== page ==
Most of these design patterns are specifically concerned with communication between objects.
Criticism has been directed at the concept of software design patterns generally, and at Design Patterns specifically. A primary criticism of Design Patterns is that its patterns are simply workarounds for missing features in C++, replacing elegant abstract features with lengthy concrete patterns, essentially becoming a "human compiler". Paul Graham wrote:
When I see patterns in my programs, I consider it a sign of trouble. The shape of a program should reflect only the problem it needs to solve. Any other regularity in the code is a sign, to me at least, that I'm using abstractions that aren't powerful enough-- often that I'm generating by hand the expansions of some macro that I need to write.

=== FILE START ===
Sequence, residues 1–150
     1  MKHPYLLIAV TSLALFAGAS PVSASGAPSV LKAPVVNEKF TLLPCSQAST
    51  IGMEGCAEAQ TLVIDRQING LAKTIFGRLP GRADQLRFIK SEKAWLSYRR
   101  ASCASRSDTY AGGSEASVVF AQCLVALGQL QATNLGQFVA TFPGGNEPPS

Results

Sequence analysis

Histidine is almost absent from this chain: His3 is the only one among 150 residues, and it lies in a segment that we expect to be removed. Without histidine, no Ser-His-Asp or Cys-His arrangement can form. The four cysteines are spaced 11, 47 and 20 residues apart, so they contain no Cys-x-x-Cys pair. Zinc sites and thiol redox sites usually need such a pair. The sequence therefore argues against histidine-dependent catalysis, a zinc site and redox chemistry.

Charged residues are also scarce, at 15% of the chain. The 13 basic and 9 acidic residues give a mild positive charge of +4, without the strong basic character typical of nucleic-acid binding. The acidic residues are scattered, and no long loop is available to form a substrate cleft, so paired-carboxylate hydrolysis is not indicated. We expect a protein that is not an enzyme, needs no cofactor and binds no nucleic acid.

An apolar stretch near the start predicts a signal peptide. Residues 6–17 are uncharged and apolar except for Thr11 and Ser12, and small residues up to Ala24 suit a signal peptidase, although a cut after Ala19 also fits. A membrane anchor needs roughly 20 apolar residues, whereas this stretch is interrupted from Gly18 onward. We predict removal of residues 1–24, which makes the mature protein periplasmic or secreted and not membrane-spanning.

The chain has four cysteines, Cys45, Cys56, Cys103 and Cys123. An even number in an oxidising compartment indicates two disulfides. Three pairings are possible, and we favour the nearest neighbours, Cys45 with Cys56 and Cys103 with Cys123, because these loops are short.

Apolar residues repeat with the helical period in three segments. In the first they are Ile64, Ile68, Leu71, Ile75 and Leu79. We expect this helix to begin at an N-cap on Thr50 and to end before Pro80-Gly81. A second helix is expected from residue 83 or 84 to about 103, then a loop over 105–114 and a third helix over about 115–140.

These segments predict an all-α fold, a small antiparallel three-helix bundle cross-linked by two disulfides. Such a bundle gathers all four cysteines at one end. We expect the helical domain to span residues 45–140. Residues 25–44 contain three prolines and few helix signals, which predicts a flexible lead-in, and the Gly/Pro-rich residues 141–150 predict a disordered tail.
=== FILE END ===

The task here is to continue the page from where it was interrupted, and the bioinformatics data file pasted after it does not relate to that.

Peter Norvig demonstrates that 16 out of the 23 patterns in Design Patterns are simplified or eliminated by language features in Lisp or Dylan. Related observations were made by Hannemann and Kiczales who implemented several of the 23 design patterns using an aspect-oriented programming language (AspectJ) and showed that code-level dependencies were removed from the implementations of 17 of the 23 design patterns and that aspect-oriented programming could simplify the implementations of design patterns.
In an interview with InformIT in 2009, Erich Gamma stated that the book authors had a discussion in 2005 on how they would have refactored the book and concluded that they would have recategorized some patterns and added a few additional ones, such as extension object/interface, dependency injection, type object, and null object. Gamma wanted to remove the Singleton pattern, but there was no consensus among the authors to do so.